(CNSNews.com) - Virginia's two U.S. senators, both Democrats, and the commonwealth's Republican governor are pressing the Obama administration to reconsider its decision to omit Virginia from its 5-year offshore drilling plan.
Some of the strongest criticism came from Gov. Bob McDonnell, chair of the Republican Governors' Association, who's been mentioned as a possible vice presidential candidate.
"Today's decision will prevent the creation of thousands of new jobs for our citizens," said McDonnell. "This is another glaring example of the abysmal failure of the Obama Administration to develop a comprehensive national energy policy. This failure is preventing our great nation from using all of its God-given natural resources and creating good jobs in the process; jobs our citizens desperately need and deserve."
McDonnell says Virginia is "poised to become the ‘Energy Capital of the East Coast’" by responsibly developing nuclear, natural gas, coal, biomass, wind, solar, and offshore oil and gas.
“I am hopeful that the administration will reconsider the inclusion of Virginia in its five-year lease plan,” said Senator Jim Webb (D-Va.). “Oil and gas exploration within the Virginia Outer Continental Shelf -- if coupled with an equitable formula for sharing revenues between the state and federal governments -- would boost domestic energy production, while benefiting the Commonwealth’s economy."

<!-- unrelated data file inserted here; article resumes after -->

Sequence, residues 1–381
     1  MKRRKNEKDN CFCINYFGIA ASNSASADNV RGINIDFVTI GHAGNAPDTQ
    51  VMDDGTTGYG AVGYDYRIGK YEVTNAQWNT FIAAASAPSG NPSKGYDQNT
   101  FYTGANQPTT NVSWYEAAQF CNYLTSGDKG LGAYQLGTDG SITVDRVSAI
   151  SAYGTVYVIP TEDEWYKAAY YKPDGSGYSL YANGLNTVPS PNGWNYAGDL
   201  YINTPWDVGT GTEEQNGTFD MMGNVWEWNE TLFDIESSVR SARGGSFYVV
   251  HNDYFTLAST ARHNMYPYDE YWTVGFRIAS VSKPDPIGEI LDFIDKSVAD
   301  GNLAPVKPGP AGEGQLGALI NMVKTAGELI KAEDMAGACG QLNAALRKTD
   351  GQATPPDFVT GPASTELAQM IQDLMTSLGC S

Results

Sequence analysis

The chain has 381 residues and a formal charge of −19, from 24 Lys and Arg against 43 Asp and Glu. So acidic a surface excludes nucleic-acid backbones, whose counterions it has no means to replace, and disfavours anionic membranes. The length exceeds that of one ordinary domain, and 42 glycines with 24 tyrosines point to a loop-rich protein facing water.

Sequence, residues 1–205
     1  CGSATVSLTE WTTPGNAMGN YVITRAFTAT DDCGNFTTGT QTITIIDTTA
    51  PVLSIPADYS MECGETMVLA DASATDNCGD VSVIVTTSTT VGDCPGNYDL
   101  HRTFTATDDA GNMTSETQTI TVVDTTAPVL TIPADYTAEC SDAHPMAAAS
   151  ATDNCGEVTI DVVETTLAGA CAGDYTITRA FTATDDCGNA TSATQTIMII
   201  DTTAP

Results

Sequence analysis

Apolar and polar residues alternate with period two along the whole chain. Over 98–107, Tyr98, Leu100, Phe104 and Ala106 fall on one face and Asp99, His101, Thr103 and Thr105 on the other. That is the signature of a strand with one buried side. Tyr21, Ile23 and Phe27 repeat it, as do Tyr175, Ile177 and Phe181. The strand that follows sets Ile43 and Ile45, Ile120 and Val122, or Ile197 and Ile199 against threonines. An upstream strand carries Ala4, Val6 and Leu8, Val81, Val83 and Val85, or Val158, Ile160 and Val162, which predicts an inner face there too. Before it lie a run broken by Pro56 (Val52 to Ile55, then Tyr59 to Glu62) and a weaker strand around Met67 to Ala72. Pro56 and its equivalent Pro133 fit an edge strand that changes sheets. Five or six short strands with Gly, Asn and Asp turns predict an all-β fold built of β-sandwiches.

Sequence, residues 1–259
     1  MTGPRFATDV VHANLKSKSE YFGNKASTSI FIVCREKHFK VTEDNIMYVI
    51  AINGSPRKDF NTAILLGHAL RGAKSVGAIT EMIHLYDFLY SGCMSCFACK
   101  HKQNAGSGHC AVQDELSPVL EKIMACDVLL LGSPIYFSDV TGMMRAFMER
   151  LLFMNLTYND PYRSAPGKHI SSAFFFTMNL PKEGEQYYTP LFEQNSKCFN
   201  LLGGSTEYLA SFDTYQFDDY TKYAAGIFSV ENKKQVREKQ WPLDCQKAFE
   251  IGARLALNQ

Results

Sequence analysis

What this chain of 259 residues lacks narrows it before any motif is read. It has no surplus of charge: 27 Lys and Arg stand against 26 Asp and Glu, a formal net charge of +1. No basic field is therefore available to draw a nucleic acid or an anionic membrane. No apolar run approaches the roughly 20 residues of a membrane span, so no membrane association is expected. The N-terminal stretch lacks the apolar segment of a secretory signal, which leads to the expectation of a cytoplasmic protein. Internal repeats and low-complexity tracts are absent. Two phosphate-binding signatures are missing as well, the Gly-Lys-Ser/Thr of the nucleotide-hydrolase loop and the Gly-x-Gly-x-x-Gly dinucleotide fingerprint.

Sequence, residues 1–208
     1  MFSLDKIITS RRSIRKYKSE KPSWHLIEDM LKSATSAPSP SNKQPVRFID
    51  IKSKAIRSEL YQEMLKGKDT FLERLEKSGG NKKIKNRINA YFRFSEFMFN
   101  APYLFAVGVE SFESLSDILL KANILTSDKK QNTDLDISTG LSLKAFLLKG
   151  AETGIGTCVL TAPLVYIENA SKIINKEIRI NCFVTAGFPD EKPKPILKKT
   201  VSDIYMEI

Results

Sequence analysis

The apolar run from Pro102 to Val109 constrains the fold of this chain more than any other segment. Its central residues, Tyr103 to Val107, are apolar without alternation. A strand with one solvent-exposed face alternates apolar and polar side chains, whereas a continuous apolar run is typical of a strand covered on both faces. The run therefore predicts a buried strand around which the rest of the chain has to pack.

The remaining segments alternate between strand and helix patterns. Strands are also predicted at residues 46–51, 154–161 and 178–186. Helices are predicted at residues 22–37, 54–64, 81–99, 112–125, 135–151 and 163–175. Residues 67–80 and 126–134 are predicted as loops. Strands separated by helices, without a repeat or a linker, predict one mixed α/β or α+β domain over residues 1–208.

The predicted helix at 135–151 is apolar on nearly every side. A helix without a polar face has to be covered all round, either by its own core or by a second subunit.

Sen. Mark Warner (D-Va.) called the decision to omit Virginia "disappointing." “I will be strongly urging the Administration to take another look at including Virginia in its five-year plan," he said.
The Obama administration initially approved the sale of Virginia offshore leases in March 2010, then scrapped the drilling plan after the oil spill in the Gulf of Mexico.
On Tuesday, Interior Secretary Ken Salazar announced a proposal to hold 15 lease sales in the Gulf of Mexico, including two off the Florida coast, and three off Alaska's coast between 2012 and 2017.
“Expanding safe and responsible oil and gas production from the OCS (Outer Continental Shelf) is a key component of our comprehensive energy strategy to grow America’s energy economy, and will help us continue to reduce our dependence on foreign oil and create jobs here at home,” Salazar said. “This five-year program will make available for development more than three-quarters of undiscovered oil and gas resources estimated on the OCS, including frontier areas such as the Arctic, where we must proceed cautiously, safely and based on the best science available.”
The proposed drilling plan will be open for "significant public comment and consideration," the Interior Department said.
While Virginia officials and many Republicans say the five-year offshore leasing plan does not go far enough, environmental activists are fuming that it goes too far.
Frances Beinecke, president of the Natural Resources Defense Council, called the plan a "reckless gamble" and a "distraction from our clean energy future."
“Today, the Gulf region is still struggling to rebuild. This is not the time to put the region at greater risk. Nor is it the time to open the doors to drilling in the treacherous and remote Arctic, which is more than a thousand miles from the closest clean-up crew and home to pristine habitat for a range of endangered species,” Beinecke said.
(The Associated Press contributed some of the information used in this report.)